I can't say that any more. The first still exists. The second has been removed by Amtrak and may never return. The third has also been removed by Amtrak (not by the virus) as there is no reason to sit with strangers in the diner and end up talking for an hour about life, leaving as friends and then seeing them later and waving and saying hello although sitting with the next set of soon-to-be friends.

Amtrak is now just a slow but very expensive plane for those unable or unwilling to fly or drive.
Yup! As so many of us are saying... Amtrak no longer cares about the customers it is supposed to be serving. This transit mode is now overpriced and irrelevant for many of us.
 

Manny T

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Jun 7, 2015
Messages
486
I think I understand the point about Millennials -- imagine a big city fine dining restaurant with tablecloths, dim lighting, good service, fine cuisine, extensive wine list, multi-course meals, and 2.5 hours to dine -- see a lot of millennials eating there? No, it's all guys with expense accounts or well-heeled old folks. Your typical millennial will grab a slice of pizza after the gym, get a Starbucks and continue surfing social media all night.

That's Amtrak's argument -- millennials don't want restaurant style dining, they want grab-and-go.

But Amtrak's argument is a fallacy -- the millennials aren't the ones riding Amtrak across the country. That market is composed of (relatively) well-heeled old folks, primarily, who are paying for their dining and by and large (if this forum is evidence) want their nice sit-down meals.

Amtrak's argument for flex-dining is fake, and it alienates the prime target audience for LD.
Save money in the short run, and at the same time alienate the audience for long distance trains to justify their demise -- a "win-win" for Amtrak suits.
 

Exvalley

Service Attendant
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Jul 7, 2020
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I could be mistaken, but it doesn’t seem to me that rail fans are getting any younger. If Amtrak wants to attract millennials they need to offer experiential travel, not just a method of getting from point A to point B. Millennials want the adventure itself. Better food, trivia contests, wine tastings and live music are what they need. Not TV dinners and a worn down room.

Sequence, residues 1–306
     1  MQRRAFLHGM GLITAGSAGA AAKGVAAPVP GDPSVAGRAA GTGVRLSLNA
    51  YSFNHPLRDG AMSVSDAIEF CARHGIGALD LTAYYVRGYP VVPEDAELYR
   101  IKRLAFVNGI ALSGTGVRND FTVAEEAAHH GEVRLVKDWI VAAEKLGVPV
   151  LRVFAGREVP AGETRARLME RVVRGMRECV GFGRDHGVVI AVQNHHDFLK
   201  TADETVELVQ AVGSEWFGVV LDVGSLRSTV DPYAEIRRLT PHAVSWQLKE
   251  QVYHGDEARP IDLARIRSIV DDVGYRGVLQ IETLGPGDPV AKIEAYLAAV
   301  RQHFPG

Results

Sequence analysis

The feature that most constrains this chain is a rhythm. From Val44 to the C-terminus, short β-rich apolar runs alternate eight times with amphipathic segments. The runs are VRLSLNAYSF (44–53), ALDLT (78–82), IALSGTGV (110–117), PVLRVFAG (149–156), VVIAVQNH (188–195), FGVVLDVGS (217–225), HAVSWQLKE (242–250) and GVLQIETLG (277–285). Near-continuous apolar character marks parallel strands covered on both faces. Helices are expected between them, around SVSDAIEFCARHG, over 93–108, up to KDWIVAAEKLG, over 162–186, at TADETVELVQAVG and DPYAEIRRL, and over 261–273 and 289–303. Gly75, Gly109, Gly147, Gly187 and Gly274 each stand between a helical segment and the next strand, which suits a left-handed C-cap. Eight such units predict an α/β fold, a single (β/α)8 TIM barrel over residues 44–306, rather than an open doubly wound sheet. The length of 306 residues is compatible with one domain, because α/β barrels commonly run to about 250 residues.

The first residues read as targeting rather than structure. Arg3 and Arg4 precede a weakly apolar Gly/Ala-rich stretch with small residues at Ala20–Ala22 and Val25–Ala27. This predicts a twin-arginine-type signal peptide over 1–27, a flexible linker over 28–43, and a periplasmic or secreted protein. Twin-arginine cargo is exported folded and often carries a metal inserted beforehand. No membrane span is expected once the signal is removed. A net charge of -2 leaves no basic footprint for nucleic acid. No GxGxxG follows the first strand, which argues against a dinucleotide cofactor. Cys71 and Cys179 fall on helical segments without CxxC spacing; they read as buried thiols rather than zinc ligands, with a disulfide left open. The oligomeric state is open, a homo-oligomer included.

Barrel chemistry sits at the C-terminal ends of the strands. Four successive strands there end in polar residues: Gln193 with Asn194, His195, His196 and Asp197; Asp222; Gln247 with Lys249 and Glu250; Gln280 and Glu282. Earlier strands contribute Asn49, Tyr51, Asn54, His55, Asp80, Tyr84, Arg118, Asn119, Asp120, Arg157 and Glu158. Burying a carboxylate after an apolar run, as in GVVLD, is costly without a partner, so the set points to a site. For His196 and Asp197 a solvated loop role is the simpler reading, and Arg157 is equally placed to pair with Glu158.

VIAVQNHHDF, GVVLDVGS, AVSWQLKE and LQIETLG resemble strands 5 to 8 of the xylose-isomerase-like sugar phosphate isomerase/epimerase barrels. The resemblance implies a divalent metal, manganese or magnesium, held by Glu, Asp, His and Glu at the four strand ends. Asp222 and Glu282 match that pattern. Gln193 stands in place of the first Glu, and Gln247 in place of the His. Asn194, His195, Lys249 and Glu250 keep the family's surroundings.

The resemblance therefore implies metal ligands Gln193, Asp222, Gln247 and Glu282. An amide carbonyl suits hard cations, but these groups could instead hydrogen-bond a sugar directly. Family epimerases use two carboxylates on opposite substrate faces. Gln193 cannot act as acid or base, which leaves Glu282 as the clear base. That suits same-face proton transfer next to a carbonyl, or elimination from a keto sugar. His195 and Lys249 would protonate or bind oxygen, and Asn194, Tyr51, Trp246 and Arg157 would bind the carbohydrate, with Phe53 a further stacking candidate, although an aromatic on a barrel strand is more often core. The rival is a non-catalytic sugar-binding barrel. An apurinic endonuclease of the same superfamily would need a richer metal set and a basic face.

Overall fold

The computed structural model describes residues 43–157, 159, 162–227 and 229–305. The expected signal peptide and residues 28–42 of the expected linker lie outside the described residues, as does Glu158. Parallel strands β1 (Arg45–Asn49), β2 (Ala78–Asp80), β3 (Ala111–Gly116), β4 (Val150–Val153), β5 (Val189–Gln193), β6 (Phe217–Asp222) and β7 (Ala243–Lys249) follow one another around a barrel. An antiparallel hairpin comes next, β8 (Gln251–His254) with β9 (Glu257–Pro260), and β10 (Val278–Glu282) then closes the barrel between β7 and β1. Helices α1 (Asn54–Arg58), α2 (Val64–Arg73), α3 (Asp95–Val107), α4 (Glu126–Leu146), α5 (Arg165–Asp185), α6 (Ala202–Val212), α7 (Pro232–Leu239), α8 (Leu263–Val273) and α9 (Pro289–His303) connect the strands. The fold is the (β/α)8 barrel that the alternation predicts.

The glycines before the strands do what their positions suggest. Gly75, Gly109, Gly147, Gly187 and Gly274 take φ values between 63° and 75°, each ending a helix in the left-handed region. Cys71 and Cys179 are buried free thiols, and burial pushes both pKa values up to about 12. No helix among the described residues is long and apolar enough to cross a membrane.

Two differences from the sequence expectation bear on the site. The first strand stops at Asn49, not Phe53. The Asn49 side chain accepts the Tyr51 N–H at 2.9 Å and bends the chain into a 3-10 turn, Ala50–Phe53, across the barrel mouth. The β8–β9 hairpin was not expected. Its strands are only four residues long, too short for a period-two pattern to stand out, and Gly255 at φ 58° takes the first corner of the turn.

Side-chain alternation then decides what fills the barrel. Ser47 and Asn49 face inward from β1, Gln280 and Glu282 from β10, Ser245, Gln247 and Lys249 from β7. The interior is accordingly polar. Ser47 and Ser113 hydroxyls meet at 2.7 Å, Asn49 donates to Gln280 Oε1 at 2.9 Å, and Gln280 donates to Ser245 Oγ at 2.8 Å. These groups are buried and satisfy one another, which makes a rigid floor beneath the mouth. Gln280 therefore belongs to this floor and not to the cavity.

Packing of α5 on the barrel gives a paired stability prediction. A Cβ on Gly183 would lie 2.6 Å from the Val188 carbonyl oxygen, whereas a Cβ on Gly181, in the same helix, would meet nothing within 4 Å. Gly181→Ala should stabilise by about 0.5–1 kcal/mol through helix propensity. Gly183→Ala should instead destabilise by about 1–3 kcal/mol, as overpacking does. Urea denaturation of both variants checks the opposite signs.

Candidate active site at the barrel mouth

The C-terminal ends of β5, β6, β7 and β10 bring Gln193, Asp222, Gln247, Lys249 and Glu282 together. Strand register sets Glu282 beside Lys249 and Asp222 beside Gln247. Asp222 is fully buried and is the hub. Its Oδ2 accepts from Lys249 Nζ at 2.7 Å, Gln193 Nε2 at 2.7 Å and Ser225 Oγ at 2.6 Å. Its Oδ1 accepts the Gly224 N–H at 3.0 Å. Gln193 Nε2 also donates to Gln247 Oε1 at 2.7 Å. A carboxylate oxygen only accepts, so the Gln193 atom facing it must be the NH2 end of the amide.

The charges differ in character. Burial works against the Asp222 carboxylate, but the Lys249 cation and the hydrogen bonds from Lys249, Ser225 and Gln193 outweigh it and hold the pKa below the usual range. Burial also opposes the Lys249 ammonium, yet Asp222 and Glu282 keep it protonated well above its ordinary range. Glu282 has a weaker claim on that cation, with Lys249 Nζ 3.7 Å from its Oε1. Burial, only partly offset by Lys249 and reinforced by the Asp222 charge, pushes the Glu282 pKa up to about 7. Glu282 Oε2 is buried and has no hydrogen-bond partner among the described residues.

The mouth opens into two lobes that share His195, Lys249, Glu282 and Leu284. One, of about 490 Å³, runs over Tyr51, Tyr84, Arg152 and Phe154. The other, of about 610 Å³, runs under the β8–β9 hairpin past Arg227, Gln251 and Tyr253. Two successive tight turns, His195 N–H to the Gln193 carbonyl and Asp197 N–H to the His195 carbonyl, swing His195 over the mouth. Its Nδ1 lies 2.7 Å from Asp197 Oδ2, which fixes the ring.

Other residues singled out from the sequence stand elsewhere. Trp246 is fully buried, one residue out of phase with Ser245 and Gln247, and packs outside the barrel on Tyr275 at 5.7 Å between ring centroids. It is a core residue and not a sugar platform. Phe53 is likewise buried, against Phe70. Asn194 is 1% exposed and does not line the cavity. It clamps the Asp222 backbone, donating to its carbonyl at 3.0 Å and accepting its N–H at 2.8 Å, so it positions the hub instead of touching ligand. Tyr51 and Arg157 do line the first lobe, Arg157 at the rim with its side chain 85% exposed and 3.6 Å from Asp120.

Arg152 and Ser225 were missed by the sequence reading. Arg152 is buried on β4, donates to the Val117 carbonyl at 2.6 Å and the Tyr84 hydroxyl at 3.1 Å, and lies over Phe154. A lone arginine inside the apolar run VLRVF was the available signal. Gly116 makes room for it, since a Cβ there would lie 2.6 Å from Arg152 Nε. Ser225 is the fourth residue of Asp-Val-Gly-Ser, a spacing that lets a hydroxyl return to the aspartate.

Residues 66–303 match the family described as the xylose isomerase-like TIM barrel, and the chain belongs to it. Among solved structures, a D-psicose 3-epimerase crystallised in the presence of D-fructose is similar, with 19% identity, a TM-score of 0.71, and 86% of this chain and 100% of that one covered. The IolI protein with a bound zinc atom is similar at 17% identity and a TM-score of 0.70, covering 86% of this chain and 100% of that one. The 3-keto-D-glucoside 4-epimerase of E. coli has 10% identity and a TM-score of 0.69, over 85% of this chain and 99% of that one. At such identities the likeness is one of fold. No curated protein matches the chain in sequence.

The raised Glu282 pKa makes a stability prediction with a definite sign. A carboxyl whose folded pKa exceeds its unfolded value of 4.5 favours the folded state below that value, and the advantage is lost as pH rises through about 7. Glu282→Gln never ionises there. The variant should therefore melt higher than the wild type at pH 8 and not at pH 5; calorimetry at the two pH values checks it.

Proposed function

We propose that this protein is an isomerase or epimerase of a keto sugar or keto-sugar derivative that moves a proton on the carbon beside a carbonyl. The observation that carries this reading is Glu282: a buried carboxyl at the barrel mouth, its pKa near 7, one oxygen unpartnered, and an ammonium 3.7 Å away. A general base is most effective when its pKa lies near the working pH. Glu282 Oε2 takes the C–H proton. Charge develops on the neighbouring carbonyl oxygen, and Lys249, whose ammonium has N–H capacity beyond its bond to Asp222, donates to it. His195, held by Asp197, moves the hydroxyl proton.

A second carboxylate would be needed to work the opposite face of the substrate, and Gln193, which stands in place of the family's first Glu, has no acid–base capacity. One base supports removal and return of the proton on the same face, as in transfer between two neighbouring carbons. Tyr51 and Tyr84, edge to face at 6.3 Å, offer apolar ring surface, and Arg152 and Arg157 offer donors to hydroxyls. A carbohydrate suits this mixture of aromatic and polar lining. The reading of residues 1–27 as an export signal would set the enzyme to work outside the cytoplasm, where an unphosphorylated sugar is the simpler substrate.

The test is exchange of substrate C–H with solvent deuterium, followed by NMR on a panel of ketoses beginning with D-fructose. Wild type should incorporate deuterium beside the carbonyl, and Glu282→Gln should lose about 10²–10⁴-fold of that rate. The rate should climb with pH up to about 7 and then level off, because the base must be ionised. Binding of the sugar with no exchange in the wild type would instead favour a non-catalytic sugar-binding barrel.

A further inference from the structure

Exvalley

Service Attendant
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I think I understand the point about Millennials -- imagine a big city fine dining restaurant with tablecloths, dim lighting, good service, fine cuisine, extensive wine list, multi-course meals, and 2.5 hours to dine -- see a lot of millennials eating there? No, it's all guys with expense accounts or well-heeled old folks. Your typical millennial will grab a slice of pizza after the gym, get a Starbucks and continue surfing social media all night.
Millennials may not be eating in fine dining restaurants, but the are certainly dining in brewpubs, gastropubs and farm to table restaurants. They appreciate good food, but they also appreciate value. Neither of which Amtrak is offering right now.
 

Nick Farr

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Dec 25, 2019
Messages
90
It is probably fair to say that Amtrak is no longer connected with the passengers it serves. You point this out very well... and I'm in total agreement... I have experienced everything you've pointed out. You speak for me too!
I started riding the Pere Marquette in the 90s, and if we're being honest--has Amtrak as an organization ever connected with the passengers it serves?

I say this noting that I've been on trips with some really remarkable Sleeping Car Attendants (SCAs), one or two Dining Car Attendants and a really amazing Conductor who I will always be grateful to for this amazing picture:

IMG_20191129_090351.jpg

I know there are amazing service staff at Amtrak who do everything in their power to create magic. Unfortunately, the culture of Amtrak service seems like one where the passengers are an inconvenience to be dealt with more than anything else.

While it may require a mild capital upgrade of the Dining Cars, retraining of the staff and probably a Union contract modification, it really would not take much more to make "Flex Dining" more appealing than some TV dinners.

The problem is the organizational culture isn't there to do it, from what I can see.
 
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20th Century Rider

Lead Service Attendant
Joined
Jan 26, 2020
Messages
469
I started riding the Pere Marquette in the 90s, and if we're being honest--has Amtrak as an organization ever connected with the passengers it serves?

I say this noting that I've been on trips with some really remarkable Sleeping Car Attendants (SCAs), one or two Dining Car Attendants and a really amazing Conductor who I will always be grateful to for this amazing picture:

View attachment 18318

I know there are amazing service staff at Amtrak who do everything in their power to create magic. Unfortunately, the culture of Amtrak service seems like one where the passengers are an inconvenience to be dealt with more than anything else.

While it may require a mild capital upgrade of the Dining Cars, retraining of the staff and probably a Union contract modification, it really would not take much more make "Flex Dining" more appealing than some TV dinners.

The problem is the organizational culture isn't there to do it, from what I can see.
Hey... is that you Nick? You look good! If you were the conductor on the train I was riding I know it would be a great trip!
 

crescent-zephyr

Conductor
Joined
Oct 21, 2015
Messages
2,561